Medicare Prescription Drug Coverage
Horizons In Hemophilia, Winter 2006
By Christi Humphrey, MSW, Social Worker
In the past several months a lot of information has been sent to Medicare eligible people about the new Medicare Part D prescription drug coverage plan. The publications detailed costs, rights, and your responsibilities. The exciting part of the new prescription drug coverage program is that it is more comprehensive than any other provided in the past, including the Medicare discount cards and Medicare HMOs. Medicare is stating that the Part D drug coverage could pay over half of your drug costs in the next year. Therefore, this insurance is designed to share the high cost of medications.
In the next few months you will need to make important decisions about what plan you would like to enroll in based on your specific needs and your situation. Enrollment in the plan began November 15, 2005. If you don't enroll by May 15, 2006, you could have penalties up to 1% of the monthly premium for the number of months you did not enroll. This increased premium will last as long as you have the coverage. Even if you have no or very low prescription costs now, due to the penalty, in the long run it may be more beneficial to elect the coverage. If you sign up by December 31, 2005, your coverage will begin on January 1, 2005 and you will pay the lowest possible premium.
The Medicare.gov website (http://www.medicare.gov/medicarereform/mapdpdocs/MALandscapega.pdf) is currently providing a list of private insurance companies that will offer the program and the rates for the each policy for every Georgia county. It appears in Georgia, that at least eight separate companies will be offering a variety of plans to choose from. Some counties will have a choice of at least two companies and some more than eight.
Each company that offers coverage in your area will also be contacting you by phone and mail to provide you with information. One of the primary factors in determining what plan is the best for you is to decide how your costs will be affected by the new coverage. Ultimately, the costs you pay will depend on your specific situation. If you had previous medication coverage, your income, and the plan you choose will all be factors in the decision making process. Be sure to read "What a Person with Hemophilia Needs to Know about the New Medicare Part D Medication Coverage" on page 14.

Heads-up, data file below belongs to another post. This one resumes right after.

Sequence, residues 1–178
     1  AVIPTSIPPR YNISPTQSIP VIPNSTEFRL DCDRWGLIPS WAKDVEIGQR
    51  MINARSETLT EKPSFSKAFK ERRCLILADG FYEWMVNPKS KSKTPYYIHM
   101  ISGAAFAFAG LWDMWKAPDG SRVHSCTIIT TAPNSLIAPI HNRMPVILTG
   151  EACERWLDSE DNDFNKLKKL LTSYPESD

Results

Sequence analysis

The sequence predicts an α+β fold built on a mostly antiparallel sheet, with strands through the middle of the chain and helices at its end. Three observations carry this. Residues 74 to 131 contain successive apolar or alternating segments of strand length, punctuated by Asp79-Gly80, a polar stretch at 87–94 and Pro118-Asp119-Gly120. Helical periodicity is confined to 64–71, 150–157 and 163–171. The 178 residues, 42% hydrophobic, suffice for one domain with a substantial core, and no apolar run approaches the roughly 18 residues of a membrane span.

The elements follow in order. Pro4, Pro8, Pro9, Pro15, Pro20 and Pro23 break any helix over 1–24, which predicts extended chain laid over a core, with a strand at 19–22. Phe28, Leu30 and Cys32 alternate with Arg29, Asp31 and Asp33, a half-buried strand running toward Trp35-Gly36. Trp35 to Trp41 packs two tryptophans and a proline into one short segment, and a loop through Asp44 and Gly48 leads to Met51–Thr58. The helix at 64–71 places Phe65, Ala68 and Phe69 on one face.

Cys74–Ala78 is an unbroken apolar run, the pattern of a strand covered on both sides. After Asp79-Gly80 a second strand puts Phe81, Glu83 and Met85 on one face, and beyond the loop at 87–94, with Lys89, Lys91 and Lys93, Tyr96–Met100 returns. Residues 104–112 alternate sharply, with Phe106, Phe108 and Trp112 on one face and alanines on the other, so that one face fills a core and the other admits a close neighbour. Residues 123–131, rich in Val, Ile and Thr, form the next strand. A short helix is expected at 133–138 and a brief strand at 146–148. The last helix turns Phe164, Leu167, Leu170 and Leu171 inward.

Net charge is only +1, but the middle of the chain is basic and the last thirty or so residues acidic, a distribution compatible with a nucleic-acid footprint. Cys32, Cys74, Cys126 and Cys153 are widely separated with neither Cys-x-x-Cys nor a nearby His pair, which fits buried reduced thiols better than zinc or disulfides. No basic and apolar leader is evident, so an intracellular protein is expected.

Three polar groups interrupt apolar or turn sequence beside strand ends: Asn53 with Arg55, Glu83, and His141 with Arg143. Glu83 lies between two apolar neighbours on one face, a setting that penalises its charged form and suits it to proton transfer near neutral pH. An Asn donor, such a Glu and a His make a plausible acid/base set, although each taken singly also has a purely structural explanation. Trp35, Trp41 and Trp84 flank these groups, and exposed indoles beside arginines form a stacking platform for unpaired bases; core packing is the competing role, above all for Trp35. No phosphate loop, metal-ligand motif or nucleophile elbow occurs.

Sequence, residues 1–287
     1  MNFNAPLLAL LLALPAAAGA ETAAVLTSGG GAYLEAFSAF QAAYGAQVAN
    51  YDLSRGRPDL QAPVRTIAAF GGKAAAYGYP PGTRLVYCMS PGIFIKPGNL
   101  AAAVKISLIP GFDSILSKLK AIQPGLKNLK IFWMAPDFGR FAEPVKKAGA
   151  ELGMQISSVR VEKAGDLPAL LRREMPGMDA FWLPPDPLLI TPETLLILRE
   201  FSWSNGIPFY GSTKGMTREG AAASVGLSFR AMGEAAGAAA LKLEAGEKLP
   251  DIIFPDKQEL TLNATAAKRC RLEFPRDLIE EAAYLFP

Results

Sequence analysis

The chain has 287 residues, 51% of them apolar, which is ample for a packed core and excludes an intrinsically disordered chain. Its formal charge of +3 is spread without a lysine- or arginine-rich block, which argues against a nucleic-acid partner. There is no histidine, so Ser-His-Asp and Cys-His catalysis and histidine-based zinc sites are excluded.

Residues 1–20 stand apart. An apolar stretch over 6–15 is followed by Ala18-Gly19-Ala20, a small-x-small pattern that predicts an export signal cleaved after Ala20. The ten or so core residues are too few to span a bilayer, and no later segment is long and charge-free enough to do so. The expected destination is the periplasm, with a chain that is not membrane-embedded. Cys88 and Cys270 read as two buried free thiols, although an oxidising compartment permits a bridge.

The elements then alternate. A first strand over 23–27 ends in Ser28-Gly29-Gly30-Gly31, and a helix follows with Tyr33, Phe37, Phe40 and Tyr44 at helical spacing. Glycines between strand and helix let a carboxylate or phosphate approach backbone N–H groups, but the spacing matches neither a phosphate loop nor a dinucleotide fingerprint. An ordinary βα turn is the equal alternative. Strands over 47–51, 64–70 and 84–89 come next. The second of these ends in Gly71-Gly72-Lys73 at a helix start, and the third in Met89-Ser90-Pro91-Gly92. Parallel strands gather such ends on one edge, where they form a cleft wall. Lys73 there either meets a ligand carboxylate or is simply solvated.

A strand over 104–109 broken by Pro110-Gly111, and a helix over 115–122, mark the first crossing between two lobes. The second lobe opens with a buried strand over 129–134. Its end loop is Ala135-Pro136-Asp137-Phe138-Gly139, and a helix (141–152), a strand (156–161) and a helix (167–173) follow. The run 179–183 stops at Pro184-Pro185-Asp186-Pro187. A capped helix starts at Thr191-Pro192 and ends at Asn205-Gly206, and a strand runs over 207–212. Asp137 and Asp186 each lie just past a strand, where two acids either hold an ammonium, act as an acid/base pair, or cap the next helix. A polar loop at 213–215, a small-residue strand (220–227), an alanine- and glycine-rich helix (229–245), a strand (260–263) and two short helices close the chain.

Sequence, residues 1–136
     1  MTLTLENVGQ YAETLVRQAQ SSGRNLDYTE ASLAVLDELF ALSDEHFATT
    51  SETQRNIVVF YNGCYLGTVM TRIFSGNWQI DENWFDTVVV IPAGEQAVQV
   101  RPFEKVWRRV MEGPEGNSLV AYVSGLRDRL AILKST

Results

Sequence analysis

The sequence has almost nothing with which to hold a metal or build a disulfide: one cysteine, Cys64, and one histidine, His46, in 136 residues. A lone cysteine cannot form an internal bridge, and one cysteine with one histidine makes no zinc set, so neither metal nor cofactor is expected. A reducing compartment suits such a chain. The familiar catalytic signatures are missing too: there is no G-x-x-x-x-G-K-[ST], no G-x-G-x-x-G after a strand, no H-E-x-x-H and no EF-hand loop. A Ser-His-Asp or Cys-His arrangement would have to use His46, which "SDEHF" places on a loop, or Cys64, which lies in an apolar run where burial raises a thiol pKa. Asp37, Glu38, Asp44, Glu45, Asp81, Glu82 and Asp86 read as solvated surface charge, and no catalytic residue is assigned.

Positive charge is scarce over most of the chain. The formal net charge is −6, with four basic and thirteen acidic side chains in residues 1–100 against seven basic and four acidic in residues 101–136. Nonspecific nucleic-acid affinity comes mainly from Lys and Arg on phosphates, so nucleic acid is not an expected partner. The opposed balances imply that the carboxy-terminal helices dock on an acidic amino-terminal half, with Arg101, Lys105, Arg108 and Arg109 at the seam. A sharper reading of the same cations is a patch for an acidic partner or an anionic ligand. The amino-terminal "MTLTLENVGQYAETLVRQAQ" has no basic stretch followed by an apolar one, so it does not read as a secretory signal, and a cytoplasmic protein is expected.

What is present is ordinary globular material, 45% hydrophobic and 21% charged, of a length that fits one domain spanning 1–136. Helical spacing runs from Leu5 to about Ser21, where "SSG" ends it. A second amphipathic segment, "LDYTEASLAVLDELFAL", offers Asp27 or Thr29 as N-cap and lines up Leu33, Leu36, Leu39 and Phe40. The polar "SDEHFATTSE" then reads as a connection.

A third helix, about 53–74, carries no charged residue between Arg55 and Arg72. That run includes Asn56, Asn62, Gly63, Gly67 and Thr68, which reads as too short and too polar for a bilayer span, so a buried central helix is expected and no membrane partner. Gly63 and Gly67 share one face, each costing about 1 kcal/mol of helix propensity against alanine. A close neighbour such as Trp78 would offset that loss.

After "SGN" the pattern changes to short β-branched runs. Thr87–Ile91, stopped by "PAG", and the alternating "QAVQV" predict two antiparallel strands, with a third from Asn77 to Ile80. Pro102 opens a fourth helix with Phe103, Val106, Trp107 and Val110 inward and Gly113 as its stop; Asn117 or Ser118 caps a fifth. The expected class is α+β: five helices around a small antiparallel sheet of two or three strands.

How to determine your out-of-pocket expenses
If you have a low income, there is an assistance program being offered to help pay the premiums for you. There are varying degrees of assistance depending on your income and assets. Assets include property, bank accounts, Certificates of Deposit, insurance plans, and other calculable wealth. If you are single with an income less than $14,355 and assets less than $11,500 or you are a couple with an income less than $19,245 and assets less than $23,000 you can complete an application for assistance with your premiums. If your income and assets are more than the listed amounts costs will include: Please note: This information only applies if you have no other medication coverage. Contact your benefits administrator or insurance company if you currently have other coverage. Each plan will be affected differently and costs will vary.
In Georgia, premiums are currently being reported as high as $102 per month and there are several plans as low as $9 per month.
The first $250 spent in a year will be paid out of your pocket.
Cost Share after the Deductible and the infamous "Doughnut Hole"
You will pay 25% of the drug cost from $250 to $2250. After the first $2250 in costs the "doughnut hole" applies. You will pay all costs from $2250 up to $5100 for a total of $3600 in out-of-pocket expenses.
Costs after the "Doughnut Hole"
You pay 5% of your drug costs after $5100.
Keep in mind
If your out-of-pocket medical expenses total more than 7.5% of your gross annual income there is a deduction when you file your taxes. For more information contact the IRS at 1-800- 829-1040 or online at www.irs.gov. If you are currently on Medicaid, Medicare will begin to pay for your medications on January 1st. In October, you will be assigned a plan. If you want to choose another plan you will have the ability to switch before December 31st. If you are currently on medications that the new Part D plan will not cover, Medicaid will purchase those medications for you.
Choosing which company to use for the new medication coverage is a big decision. Be sure to read all the information sent to you from Medicare carefully in order to make your best decision about how to proceed. For free advice in deciding which plan is the best for your needs contact: